Why Strong Car Sales Won’t Dispel The Bears – Wall Street Journal

Posted: Thursday, September 15, 2016

BMW automobiles sit for sale at a dealership in London.
ENLARGE

The European car market continues to defy predictions of a slowdown. Don’t expect that to improve investor sentiment toward manufacturers.

After a late-summer growth spurt, car sales across the European Union for the year through August are running 8.1% ahead of the prior year, led by ongoing recoveries in Italy and Spain. With the notable exception of diesel-tarnished Volkswagen
VLKAY


0.21
%




and French challenger PSA Peugeot Citroën,
PUGOY


-1.86
%




which has been focused on improving margins after a brush with bankruptcy, European manufacturers are all still clocking double-digit growth on their home continent.

By comparison, the European operations of Ford
F


-0.08
%




and GM
GM


1.30
%




look underpowered, with year-to-date growth of 5.2% and 7.1% respectively. But this is partly because they are strongest in the U.K. market, which has slowed after taking an early lead in the European recovery.

The buoyant figures are unlikely to change investors’ increasingly bearish stance toward car makers. Analysts still predict a downturn. Researcher IHS reckons EU car sales will peak at 14.5 million this year before falling back to 14.4 million in 2017 and notes Brexit has made the range of possible outcomes wider than usual. Across the Atlantic U.S. car sales declined in August year over year, and many, notably including Ford, expect that trend to continue.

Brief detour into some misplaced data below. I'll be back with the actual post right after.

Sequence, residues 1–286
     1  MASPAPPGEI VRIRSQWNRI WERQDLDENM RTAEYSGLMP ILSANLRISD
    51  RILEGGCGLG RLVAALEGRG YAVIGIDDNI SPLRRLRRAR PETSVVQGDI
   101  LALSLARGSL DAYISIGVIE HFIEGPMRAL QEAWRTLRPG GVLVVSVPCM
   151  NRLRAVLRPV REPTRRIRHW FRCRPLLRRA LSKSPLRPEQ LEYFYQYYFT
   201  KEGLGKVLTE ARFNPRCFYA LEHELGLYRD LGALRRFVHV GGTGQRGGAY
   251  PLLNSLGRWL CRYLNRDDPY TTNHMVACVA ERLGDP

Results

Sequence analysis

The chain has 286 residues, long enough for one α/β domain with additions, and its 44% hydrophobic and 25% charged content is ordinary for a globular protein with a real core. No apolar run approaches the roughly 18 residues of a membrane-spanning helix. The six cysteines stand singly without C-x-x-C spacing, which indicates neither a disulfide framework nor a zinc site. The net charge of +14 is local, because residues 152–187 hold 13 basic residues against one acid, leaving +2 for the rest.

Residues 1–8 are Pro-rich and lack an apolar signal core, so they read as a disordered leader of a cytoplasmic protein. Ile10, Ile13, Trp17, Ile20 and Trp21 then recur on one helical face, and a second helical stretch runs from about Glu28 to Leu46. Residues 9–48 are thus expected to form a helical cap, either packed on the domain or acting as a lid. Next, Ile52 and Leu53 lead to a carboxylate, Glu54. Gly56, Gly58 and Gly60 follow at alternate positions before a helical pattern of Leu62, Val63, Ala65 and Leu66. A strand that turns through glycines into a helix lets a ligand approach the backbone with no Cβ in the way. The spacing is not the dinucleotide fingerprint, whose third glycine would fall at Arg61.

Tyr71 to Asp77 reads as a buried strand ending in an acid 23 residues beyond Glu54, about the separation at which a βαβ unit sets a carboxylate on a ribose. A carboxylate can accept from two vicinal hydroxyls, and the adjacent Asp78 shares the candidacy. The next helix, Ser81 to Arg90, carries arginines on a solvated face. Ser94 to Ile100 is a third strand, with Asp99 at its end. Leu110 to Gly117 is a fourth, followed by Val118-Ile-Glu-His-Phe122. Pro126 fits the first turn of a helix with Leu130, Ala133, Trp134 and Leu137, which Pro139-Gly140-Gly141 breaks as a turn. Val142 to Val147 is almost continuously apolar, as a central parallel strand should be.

Little wonder manufacturers are eager to shift attention away from precarious sales toward a steadier world of mobility services. Ford told investors yesterday that a new services unit would eventually generate 20% margins. Volkswagen painted a similar picture in a new 10-year strategy in June. These companies understand not just that autonomous driving will disrupt the old car-ownership model, but also that investors value recurring revenue far more highly than volatile unit sales.

Auto executives are right to think radically, but the world of autonomous driving remains too distant for investors to value. New technology and changing consumption patterns also present as much a threat as an opportunity, lowering barriers to entry to a market once dominated by scale manufacturers.

Given the uncertainty, investors for now seem likely to continue valuing manufacturers on the simple basis of the cars they sell and the margins they make selling them. A sunny late summer in Europe won’t shake expectations that fall is on its way.

Write to Stephen Wilmot at stephen.wilmot@wsj.com

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